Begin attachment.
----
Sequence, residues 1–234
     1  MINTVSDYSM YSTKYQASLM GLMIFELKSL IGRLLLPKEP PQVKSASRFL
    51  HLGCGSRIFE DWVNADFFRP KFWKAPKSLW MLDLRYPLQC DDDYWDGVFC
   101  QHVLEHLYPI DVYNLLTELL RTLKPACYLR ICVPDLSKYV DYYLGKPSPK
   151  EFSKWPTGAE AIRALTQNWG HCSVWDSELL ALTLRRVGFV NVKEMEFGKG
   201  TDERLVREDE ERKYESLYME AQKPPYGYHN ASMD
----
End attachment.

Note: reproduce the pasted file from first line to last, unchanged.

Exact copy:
Sequence, residues 1–234
     1  MINTVSDYSM YSTKYQASLM GLMIFELKSL IGRLLLPKEP PQVKSASRFL
    51  HLGCGSRIFE DWVNADFFRP KFWKAPKSLW MLDLRYPLQC DDDYWDGVFC
   101  QHVLEHLYPI DVYNLLTELL RTLKPACYLR ICVPDLSKYV DYYLGKPSPK
   151  EFSKWPTGAE AIRALTQNWG HCSVWDSELL ALTLRRVGFV NVKEMEFGKG
   201  TDERLVREDE ERKYESLYME AQKPPYGYHN ASMD